A cancer diagnosis is difficult to hear and can set off a range of complex emotions. Medical oncologist Dr. Lidia Schapira offers compassionate advice for finding support that is right for you and recognizing when you might need professional help.
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Cancer.Net: Doctor-Approved Patient Information from ASCO®
Finding Mental Health Support During Cancer
Voice Over: A cancer diagnosis is difficult to hear and can set off a range of complex emotions. Asking for and accepting help from others is an important part of coping with the stress that cancer can bring.
Lidia Schapira, MD; Medical Oncologist, Member, American Society of Clinical Oncology: Everybody diagnosed with cancer needs help of some sort. Maybe it’s informal help from loved ones, family and other folks in one’s community, and maybe it’s formal help: help from trained professionals such as a social worker, a psychologist or a psychiatrist. There are other ways of asking help and getting help. These days, many people find help through online communities. People find help also in formal support groups that are led by social workers in medical settings. People may find help in their church or faith community. So there are all sorts of ways in finding help.
A lot depends on what you bring to the diagnosis of cancer. You bring your temperament. You bring your personality, your mindsets, your beliefs. But, I think the most important thing in my message to anybody diagnosed with cancer is that it’s important to feel connected. It’s important to actually be sincere enough and self-aware enough to know that it is a good time to get some help.
It’s a time when typically people need to organize their feelings, gather a lot of information, and establish a good circle of supporters to get them through what’s going to be a complex journey.
Being diagnosed with cancer is not just something that you can add on to everything else that you’re doing. It’s not just one more item for your calendar. It really requires an enormous effort.
Voice Over: While getting help from friends and family is a positive step, there are several warning signs to look for that may mean it’s time to ask for professional help.
Dr. Schapira: Being unable to sleep at night, waking up during the night, perhaps eating too much or too little, perhaps feeling nervous or jittery; some physical symptoms that indicate that one is living in a state of high stress or high anxiety or some even emotional or psychological issues such as not being able to organize one’s thoughts.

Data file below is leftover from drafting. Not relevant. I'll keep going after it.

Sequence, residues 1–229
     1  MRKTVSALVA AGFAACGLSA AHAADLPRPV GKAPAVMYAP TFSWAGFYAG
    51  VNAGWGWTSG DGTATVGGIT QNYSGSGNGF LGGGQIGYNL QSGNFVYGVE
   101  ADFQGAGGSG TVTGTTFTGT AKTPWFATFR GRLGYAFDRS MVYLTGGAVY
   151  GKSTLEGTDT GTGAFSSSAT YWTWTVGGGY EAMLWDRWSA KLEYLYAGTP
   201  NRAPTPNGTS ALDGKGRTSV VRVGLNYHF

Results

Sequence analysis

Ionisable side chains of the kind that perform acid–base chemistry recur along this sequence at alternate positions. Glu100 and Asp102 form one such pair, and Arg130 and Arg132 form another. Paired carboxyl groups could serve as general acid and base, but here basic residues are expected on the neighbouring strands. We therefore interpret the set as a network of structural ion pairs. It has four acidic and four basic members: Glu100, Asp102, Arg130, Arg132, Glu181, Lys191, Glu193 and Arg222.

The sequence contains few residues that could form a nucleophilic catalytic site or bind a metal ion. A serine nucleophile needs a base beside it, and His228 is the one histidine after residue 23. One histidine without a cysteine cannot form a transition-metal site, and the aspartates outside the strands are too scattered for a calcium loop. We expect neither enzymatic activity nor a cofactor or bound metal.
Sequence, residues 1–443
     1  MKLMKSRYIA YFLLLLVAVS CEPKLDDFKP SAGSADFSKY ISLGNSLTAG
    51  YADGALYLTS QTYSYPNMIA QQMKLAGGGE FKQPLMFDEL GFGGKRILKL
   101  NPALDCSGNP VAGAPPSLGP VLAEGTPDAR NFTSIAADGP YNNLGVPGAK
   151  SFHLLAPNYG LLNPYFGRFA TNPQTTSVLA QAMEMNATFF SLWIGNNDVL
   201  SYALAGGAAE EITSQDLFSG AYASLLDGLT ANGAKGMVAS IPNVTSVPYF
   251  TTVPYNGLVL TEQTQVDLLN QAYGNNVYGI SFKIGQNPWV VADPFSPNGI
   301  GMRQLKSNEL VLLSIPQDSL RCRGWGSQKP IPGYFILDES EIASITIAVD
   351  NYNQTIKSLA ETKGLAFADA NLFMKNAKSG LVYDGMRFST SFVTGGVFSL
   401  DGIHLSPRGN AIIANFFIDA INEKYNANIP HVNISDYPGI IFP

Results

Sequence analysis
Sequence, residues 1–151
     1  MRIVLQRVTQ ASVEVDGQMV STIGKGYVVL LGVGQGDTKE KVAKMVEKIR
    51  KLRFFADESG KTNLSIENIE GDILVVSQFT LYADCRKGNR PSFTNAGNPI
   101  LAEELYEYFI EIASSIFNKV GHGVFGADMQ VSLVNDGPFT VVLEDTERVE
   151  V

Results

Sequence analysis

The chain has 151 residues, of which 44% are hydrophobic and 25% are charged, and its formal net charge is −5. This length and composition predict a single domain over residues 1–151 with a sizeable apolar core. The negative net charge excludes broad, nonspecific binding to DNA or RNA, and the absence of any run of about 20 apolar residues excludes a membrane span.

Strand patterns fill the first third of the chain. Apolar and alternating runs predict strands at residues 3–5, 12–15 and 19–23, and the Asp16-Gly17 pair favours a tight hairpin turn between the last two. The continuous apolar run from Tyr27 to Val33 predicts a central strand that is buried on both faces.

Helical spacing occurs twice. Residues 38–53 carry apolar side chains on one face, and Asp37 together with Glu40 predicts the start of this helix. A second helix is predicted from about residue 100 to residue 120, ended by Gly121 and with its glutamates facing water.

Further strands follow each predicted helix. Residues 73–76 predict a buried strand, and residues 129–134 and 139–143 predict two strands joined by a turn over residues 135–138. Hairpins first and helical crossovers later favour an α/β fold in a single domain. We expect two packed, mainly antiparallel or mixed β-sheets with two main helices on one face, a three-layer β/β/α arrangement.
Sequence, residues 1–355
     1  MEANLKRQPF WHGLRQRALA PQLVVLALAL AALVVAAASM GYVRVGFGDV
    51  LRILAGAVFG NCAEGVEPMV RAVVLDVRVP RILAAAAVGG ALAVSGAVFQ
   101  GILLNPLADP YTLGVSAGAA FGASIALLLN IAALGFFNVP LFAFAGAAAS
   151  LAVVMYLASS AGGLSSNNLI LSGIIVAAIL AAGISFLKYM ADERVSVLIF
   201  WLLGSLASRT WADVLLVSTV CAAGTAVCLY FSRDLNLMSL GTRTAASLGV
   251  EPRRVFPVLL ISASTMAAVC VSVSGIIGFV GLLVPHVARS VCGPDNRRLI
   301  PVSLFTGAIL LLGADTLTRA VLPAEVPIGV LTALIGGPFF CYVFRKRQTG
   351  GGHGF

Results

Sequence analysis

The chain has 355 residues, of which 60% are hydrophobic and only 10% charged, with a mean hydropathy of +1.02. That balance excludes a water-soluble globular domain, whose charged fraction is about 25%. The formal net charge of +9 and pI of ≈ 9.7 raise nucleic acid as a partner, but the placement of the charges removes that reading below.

If somebody has a very difficult time making a decision about treatment, if they’re very anxious about receiving test results. Those are clues to the clinicians and maybe also to the members of the patient’s family or other loved ones that that person really has enormous amounts of distress. In the same way that we offer relief for any physical symptoms such as nausea, fatigue or pain, it’s important for cancer clinicians to offer help also for distress or anxiety, depression and other mental health problems that are incredibly common during a cancer journey.
Voice Over: Oncologists typically talk with patients about their emotional well-being but if a person feels like they need emotional help and support, they should not hesitate to talk with any member of their cancer care team to get the help that they need.
Dr. Schapira: Some patients are very connected to their primary care physician for instance and may be more comfortable visiting their primary care just to debrief after conversations or maybe asking for a referral to a psychologist, social worker, psychiatrist that they know so that they can really have a one-on-one.
Patients can also reach out to their oncology clinicians, their infusion nurse, their nurse practitioner, their oncologist and just basically directly ask for help, ask for a referral or recommendation. By saying, “Look, I’m struggling. I’m having a very hard time wrapping my head around what’s happening,” or “I find myself unable to sleep at night.”
Voice Over: There are times that cancer survivors may experience increased anxiety, or may feel more vulnerable and more distressed, such as the time of their diagnosis, when active treatment ends, when tests or scans are scheduled, on anniversary dates related to their experience, and if a recurrence happens. Seeking professional guidance to help cope with this emotional stress can help you and your loved ones.
Dr. Schapira: We recognize and we know through years of research that mental health interventions help people cope. There are very specific ways. There are short therapies. There are supportive therapies. There’s so many different ways that specifically addresses cancer-related distress or fear of cancer recurrence, things that are so common; the anxiety before scans, dealing with news, making decisions. There are so many interventions that we now have that actually help people address it and be more confident as they go through cancer treatment and also when they finish active cancer therapy.
To get more information on how to cope with cancer, we have materials at Cancer.Net, ASCO’s website for the public. There’s a tab called “Coping with Cancer” and there we have valuable resources on managing emotions, communicating, and finding support.
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Cancer.Net: Doctor-Approved Patient Information from ASCO®
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